The wind turbine installation costs are taken from [34]. The average cost of a Rankine cycle generator is taken as $400/kW and that of an electric motor as $100/kW. Coal power plant electricity generation capital cost is assumed to be $1920/kW and the cryogenic liquid storage to be $100/kW for simplicity. The wind turbine installation costs are taken from [34]. The vapour compression cycle is assumed to be 300% efficient (COP=3) and the boiler is assumed to be 100% efficient. The cryogenic liquid storage is assumed to be 100% efficient [26]. The cost of liquefaction plant is calculated based on [23] & [33]. The refrigeration plant costs are calculated assuming 20MWr, with COP=3, interest rate=10%, 15 years life time, and the installation cost of $65/MWh.

Generating electricity:

  1. In the first power generation method, with constant rotor speed using the conventional power generation system (with gear box, generator and transformers), with battery storage, the system will be ~26.01% efficient whereas the capital cost of such an integration will be ~$5600/kW of power generated.
  2. In the second power generation method, again with the constant rotor speed of the wind turbine, generating power, compressing air and storing the electricity in the form of compressed air, and generating electricity on demand will be ~15.83% efficient with a capital cost of ~$3000/kW of power generated.
  3. The third power generation method with variable rotor speed (with optimum tip speed ratio) and the gearless generator with AC-AC converter will be ~17.3% efficient whereas the capital cost of such integration will be ~$3200/kW of power generated.
  4. The proposed Cryovent concept depicted in fourth diagram with a hydrostatic transmission, Linde-Hampson liquefaction system, with the storage in Dewar vessel, the power generation will be ~7.63% efficient with a total capital cost of ~$2800/kW of power generated.
  5. The conventional coal-fired power plant (fifth diagram) will be ~27.01% efficient for electricity production with a total capital cost of ~$1920/kW of power generated.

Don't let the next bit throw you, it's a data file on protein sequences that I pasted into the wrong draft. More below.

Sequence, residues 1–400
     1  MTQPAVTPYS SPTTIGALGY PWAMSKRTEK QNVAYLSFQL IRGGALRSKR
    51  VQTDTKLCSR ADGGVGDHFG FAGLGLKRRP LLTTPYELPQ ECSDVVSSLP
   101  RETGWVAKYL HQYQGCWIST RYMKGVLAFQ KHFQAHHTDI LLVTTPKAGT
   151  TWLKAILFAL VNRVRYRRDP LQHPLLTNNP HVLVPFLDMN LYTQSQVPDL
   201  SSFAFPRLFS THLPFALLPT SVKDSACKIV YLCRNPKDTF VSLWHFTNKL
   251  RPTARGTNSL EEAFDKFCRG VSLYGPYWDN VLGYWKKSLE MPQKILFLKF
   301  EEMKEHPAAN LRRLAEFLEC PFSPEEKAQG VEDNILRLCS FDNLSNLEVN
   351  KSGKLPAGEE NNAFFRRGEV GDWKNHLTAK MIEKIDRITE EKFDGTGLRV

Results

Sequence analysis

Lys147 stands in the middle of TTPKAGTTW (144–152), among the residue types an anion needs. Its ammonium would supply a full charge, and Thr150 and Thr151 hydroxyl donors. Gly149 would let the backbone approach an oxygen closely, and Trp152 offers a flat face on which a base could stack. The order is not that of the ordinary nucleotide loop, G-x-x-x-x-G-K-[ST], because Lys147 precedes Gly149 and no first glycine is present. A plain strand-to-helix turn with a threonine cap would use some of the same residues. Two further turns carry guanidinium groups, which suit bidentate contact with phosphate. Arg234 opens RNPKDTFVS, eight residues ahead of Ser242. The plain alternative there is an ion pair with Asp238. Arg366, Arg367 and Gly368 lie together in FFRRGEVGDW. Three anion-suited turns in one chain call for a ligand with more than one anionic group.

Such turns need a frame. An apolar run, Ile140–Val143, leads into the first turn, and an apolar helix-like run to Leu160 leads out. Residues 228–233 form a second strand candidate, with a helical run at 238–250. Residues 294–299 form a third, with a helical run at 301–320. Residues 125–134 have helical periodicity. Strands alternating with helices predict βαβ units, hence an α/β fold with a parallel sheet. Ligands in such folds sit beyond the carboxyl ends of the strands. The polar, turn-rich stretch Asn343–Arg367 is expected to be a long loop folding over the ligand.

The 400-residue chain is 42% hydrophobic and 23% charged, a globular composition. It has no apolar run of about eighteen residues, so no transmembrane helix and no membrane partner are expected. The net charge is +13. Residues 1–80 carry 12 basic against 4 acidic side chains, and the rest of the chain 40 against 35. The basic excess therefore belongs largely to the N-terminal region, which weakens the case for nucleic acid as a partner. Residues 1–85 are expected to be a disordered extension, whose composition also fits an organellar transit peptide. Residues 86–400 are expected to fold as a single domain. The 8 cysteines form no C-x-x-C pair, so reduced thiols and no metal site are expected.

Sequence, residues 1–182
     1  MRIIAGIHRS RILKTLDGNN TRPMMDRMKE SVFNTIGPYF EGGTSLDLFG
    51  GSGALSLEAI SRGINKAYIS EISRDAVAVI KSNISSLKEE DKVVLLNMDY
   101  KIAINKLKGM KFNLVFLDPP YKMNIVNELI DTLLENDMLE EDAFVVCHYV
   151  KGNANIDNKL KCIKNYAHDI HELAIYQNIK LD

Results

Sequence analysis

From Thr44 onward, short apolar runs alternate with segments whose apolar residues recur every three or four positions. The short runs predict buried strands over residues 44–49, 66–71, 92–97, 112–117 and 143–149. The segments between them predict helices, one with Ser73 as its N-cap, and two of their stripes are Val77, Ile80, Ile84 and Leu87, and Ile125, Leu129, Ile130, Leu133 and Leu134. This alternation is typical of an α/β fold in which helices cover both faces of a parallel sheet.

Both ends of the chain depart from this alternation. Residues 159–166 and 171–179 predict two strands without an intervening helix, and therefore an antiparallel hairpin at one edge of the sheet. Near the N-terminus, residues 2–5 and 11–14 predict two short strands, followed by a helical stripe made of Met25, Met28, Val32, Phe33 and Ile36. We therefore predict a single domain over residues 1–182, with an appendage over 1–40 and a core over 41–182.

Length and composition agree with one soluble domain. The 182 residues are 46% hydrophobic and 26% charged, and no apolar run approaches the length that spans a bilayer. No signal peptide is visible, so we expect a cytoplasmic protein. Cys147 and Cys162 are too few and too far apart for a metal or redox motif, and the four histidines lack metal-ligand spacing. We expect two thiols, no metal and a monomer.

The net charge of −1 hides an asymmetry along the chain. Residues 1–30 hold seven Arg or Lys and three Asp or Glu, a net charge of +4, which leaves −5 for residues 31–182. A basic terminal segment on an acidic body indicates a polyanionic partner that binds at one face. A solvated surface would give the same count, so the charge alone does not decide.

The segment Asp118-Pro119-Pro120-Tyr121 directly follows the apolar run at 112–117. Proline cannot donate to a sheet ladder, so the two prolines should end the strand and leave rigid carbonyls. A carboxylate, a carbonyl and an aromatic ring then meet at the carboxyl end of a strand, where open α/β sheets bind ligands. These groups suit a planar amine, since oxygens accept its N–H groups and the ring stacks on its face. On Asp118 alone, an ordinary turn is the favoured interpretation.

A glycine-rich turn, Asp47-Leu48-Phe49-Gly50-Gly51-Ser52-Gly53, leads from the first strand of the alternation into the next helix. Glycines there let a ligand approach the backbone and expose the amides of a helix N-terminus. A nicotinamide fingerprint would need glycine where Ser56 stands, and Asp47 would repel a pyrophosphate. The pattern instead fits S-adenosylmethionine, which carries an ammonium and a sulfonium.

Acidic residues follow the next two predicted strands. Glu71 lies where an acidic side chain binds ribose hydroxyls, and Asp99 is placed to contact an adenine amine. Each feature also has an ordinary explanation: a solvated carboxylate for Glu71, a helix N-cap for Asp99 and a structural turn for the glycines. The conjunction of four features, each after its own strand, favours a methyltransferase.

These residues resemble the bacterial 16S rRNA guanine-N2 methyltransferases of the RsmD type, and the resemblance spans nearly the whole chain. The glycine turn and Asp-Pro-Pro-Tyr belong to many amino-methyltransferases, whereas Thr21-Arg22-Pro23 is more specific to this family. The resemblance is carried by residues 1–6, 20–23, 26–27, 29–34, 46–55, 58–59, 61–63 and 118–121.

Delivering cool mine air:
  6. The proposed Cryovent concept for delivering cool mine air (sixth diagram) is calculated to be ~18.27% efficient with total capital cost of ~$2700/kW but providing some cooling as well. The annuitized cost for this system would be ~$7,900k/year with zero input energy costs. The same concept would cost ~$6,958k/year if it uses electricity to run the system with an annual input energy cost of ~$2,499k/year.
  7. The conventional vapor compression refrigeration plant run by the electric grid would be ~85.8% efficient with ~$900/kW total capital cost providing the same amount of cooling as Cryovent but the annuitized cost for this system would be ~$6,963k/year with an annual input energy cost of ~$3,796k/year.

V. Wind energy power generation and storage issues
The major issue with exploitation of wind energy is its variability. It can be a barrier for some processes where a continuous source of power supply is needed. Studies have been done on the storage of the variable wind energy which can offset its variability and unpredictability. Wind energy can be transformed into compressed air which can then be stored in a tank (for a small-scale), in underground abandoned mines like paste-fills or in the salt caverns (for large-scale purposes), and also in above ground reservoirs- pressure vessels [28], which can later be used on demand. However, the underground storage capacity can be affected by geological constraints [27]. Wind energy can also be stored using batteries but storing wind energy in batteries is expensive. As discussed in [24], according to Electric Power Research Institute, EPRI (2010), the total installed cost for storing wind energy by CAES is around US$125/kW/h for 8 hour duration and US$450/kW/h for lead acid storage for 4 hour duration.